Perception of color is an incredibly complicated process involving varying sources of light and human physiology. Our eyes, nerves, brain and add to that the emotional experiential filter that we run every stimulation through determines our reaction to color.
I am intrigued and amused when people come to me and express anger at a painter, paint store clerk or design specialist because they don't like the color they chose or were lead to put on a wall. They act as if they were victimized by the person trying to help them with a very subjective personal choice. First of all no one else will have the emotional investment that you have in your project because we are all pretty selfish by nature. Sometimes it is advantageous to ask someone without an emotional investment to get a commonly accepted and non-controversial color choice. Selling a house comes to mind. All realtors will have a favorite off white color that they swear will sell your house hours after it is listed. I have some suggestions and a process that has worked well for me.
One of the problems in the paint industry is that in order to offer many color choices paint companies have to rely on a printer to print small paper color swatches for the customers to take home and look at. This is the best the industry can offer and keep a can of paint affordable. Most companies will offer a small sample of actual paint. I suggest once you determine that maybe ( "maybe" is the key word) you have found a color you like purchase the smallest container the paint company offers and go home and put a 3' square on the wall in every room you are going to paint. Then live with it for a couple of days watching the color as the daylight and room light changes. It will surprise you how different the color will look as the light changes. It is important to keep in mind the other environmental factors that will play off of the color such as flooring, furniture and trim. This doesn't guarantee that once the entire project is painted you will be happy with the color because we perceive that color intensifies once we surround ourselves with it. However this will give you a pretty good idea. It is important if you don't like your color sample that you constructively criticize it. Determine if it is "too red" or "too light" so that you can make a more accurate adjustment in your choice. Keep in mind that getting the right color may be a process. Ask for help and opinions but ultimately own your choice. Nobody else can make us happy, right?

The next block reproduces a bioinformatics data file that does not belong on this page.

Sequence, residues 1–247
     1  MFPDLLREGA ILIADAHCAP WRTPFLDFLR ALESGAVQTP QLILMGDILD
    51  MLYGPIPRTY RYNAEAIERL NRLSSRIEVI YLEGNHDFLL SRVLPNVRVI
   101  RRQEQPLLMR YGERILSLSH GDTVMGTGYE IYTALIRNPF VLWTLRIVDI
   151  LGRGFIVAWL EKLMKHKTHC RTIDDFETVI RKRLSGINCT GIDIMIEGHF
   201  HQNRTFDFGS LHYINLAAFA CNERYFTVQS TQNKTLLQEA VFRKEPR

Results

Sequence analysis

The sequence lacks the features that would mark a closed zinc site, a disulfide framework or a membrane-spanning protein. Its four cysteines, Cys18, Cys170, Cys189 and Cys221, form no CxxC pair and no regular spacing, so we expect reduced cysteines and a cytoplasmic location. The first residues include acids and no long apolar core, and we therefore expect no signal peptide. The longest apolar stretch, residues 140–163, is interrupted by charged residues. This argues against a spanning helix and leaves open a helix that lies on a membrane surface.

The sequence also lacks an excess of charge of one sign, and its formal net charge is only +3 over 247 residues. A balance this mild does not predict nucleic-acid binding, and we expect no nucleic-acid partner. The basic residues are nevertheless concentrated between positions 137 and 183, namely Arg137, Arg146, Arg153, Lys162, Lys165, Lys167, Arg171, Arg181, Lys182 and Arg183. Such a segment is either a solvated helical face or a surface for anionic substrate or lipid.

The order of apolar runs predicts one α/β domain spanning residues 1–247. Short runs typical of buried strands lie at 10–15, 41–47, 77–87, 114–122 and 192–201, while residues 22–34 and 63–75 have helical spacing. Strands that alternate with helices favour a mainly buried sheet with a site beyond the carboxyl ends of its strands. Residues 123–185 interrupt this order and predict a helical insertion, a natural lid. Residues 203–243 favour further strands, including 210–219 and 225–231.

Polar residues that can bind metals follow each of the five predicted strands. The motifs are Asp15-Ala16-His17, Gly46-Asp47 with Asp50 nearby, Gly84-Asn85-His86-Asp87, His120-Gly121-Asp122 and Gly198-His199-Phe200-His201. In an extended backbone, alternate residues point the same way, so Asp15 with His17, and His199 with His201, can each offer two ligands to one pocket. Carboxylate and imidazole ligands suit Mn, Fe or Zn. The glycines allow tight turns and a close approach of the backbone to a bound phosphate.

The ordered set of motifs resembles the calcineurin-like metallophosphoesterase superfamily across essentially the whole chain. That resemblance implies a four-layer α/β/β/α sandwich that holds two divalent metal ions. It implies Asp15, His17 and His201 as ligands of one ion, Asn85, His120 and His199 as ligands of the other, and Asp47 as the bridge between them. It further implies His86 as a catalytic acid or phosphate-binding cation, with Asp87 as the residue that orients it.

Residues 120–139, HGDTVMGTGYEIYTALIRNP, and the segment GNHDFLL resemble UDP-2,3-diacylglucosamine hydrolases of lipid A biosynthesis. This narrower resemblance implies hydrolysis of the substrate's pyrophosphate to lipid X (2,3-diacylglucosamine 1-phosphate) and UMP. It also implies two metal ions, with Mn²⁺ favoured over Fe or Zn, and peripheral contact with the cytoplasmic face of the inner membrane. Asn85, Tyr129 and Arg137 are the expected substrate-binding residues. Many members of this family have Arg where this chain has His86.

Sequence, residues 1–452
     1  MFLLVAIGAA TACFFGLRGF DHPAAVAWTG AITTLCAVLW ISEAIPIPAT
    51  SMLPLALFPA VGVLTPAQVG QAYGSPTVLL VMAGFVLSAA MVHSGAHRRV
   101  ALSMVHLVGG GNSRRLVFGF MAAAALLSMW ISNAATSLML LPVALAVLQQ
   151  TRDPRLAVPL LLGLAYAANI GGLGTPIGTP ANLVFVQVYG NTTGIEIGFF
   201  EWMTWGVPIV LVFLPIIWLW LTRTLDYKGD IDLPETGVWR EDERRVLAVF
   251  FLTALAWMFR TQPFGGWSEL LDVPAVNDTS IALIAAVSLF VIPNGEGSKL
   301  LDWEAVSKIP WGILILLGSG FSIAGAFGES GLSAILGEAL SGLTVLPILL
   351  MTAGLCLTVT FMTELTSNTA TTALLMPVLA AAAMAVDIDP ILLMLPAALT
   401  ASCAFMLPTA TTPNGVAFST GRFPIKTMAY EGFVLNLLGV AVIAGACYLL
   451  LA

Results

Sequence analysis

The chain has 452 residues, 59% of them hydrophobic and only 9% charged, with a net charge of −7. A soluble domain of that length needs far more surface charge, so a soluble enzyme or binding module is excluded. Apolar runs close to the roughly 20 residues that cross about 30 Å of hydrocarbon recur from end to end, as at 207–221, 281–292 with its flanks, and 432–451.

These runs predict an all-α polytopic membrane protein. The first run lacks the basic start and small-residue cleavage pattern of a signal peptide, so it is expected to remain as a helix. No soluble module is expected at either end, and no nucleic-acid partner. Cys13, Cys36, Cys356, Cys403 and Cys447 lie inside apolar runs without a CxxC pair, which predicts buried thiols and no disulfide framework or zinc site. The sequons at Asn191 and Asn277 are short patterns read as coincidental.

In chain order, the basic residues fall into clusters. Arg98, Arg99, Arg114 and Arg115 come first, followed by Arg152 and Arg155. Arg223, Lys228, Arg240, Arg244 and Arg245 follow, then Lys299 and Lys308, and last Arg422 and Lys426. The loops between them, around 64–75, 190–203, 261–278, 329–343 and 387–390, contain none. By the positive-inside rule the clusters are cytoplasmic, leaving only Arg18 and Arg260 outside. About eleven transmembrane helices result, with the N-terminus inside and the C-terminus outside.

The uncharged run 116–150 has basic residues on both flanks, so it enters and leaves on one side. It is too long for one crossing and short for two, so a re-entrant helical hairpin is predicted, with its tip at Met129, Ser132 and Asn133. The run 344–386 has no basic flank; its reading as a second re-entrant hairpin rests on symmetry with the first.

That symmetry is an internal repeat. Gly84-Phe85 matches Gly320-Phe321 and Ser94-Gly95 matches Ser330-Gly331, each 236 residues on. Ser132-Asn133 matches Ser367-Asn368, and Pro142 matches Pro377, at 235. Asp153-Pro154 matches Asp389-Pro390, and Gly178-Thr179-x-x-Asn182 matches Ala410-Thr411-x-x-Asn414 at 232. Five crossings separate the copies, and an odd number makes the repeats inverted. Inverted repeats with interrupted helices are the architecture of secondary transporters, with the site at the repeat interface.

In closing I just want to say I hope all of your color choices are satisfying. As always I hope this helps.
Knowledge is power - Jay Adirondack Painting